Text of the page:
Proudly posting an innocent picture of your child on social media: It should be possible. Unfortunately, images of children can easily end up in the child pornography network, the Office of Internet Child Abuse Experts (EOKM) knows. Even if only your child’s face is visible. Plus, you’re denying your child the opportunity to choose whether or not they want to be put online, according to these experts.
“Criminals can use any image of your child to distribute in a child pornography network, whether original or photoshopped. Images on social media also come into the hands of Facebook and Google, which use all sorts of algorithms, such as facial recognition. If you post a picture of your child You have to realize that you have permanently lost control of that image,” says Arda Gerkens. She is the director of the Online Child Abuse Experts Office (EOKM).
Of course you want to show it to the world if your daughter can do splits. “But from my point of view, this is not very useful. Just like beach photos in swimsuits. Children’s faces can easily be cut out and turned into porn,” says Jerkins.
Nine times out of ten nothing happens.
Justin Bardoin, founder of Bureau Jeugd en Media, thinks the same. “Not only are beach photos unsafe, photos that radiate a child’s cuteness are often sought-after material for criminals. Nine times out of ten nothing is likely to happen to the photo, but what can help is that your child is not photographed from the front, but not recognizable From the back or side, not from the whole body.
We can see these kinds of photoshopped photos, but we don’t know who the kids are
According to Jerkins, whether photos of your child have been used for this type of purpose is something that you will have a hard time finding out. “We can see these types of photoshopped photos, but we don’t know who the kids are. We know very little about how criminals look for photos of kids to use in other contexts. But the photos are often taken directly from social media accounts.” , so always set your profile settings to privacy Everything on your phone is also often uploaded to the cloud, so protect it with two-step authentication, for example.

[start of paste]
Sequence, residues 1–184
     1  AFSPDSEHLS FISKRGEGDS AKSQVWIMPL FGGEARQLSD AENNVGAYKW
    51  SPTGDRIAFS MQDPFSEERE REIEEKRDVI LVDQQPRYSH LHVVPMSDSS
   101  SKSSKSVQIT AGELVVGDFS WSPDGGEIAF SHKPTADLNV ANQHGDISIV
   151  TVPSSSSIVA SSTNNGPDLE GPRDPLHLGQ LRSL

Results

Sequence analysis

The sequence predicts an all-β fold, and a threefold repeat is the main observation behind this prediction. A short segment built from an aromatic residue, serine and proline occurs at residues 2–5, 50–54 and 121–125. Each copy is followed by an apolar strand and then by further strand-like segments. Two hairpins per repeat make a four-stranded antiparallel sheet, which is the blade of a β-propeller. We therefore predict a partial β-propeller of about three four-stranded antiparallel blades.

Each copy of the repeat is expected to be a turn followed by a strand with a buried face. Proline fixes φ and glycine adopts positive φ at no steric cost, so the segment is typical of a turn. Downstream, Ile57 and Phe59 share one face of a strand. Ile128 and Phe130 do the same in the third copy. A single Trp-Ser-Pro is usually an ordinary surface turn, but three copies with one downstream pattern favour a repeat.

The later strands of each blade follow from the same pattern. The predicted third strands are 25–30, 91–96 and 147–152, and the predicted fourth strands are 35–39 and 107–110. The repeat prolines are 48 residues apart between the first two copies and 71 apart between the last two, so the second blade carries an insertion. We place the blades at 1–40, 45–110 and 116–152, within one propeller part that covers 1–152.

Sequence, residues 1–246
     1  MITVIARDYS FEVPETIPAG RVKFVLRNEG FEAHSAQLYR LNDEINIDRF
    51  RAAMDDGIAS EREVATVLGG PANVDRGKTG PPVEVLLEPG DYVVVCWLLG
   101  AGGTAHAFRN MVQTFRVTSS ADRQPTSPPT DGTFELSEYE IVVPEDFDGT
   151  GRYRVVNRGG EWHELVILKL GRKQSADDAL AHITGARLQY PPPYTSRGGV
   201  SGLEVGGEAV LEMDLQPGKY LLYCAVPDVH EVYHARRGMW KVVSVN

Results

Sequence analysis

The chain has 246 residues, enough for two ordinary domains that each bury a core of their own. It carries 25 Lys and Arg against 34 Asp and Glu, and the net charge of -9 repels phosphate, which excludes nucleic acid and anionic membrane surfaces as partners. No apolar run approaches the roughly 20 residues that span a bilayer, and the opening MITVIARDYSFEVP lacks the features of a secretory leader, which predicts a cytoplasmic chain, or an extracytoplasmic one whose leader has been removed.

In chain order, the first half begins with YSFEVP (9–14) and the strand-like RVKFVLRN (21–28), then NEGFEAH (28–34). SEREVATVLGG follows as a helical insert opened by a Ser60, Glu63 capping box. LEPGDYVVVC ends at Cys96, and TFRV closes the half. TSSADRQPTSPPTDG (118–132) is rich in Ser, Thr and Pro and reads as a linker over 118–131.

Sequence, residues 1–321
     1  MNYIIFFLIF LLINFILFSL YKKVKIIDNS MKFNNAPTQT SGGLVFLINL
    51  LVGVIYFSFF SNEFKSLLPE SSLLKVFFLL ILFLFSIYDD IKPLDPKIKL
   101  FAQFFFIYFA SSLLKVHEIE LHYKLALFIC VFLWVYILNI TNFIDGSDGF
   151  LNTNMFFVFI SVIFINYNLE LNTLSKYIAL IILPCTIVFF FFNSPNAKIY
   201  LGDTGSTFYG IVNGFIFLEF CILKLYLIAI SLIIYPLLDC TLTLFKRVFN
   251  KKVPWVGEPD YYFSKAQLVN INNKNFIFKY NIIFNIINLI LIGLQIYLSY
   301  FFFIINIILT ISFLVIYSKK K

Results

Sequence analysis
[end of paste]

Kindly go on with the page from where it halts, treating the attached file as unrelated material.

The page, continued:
There will come a day when your child will want their own account on TikTok, Instagram, Twitter, Snapchat or other social media. and then? This is how you raise your child digitally, according to Ouders van Nu.
Decide for your child
Pardoen points to another problem with posting pictures of your child on social media. That is, you make the decision for your child whether he is online or not. “Decision-making for your child is not bad in and of itself: we are constantly doing it in the best interest of the child. However, putting your child on social media is never in your child’s best interest. Kids can feel dissatisfied or intimidated about their photos on social media later on.” From about nine years into pre-puberty, children get their own thoughts and your child can already express that.
According to Pardoen, it’s a good idea to ask your child for permission to post pictures of themselves from a very early age, even if the four-year-old doesn’t yet know what to say “yes” or “no.”
Jerkins also agrees. “In addition, talk to your child about sexual development, so that they know when a particular contact is inappropriate and feel free to talk to you about it. In ninety percent of cases, child abuse occurs with someone from the environment, for example in a daycare center or Neighbor or family member. So stay alert for that, as well as the dangers on the Internet.”
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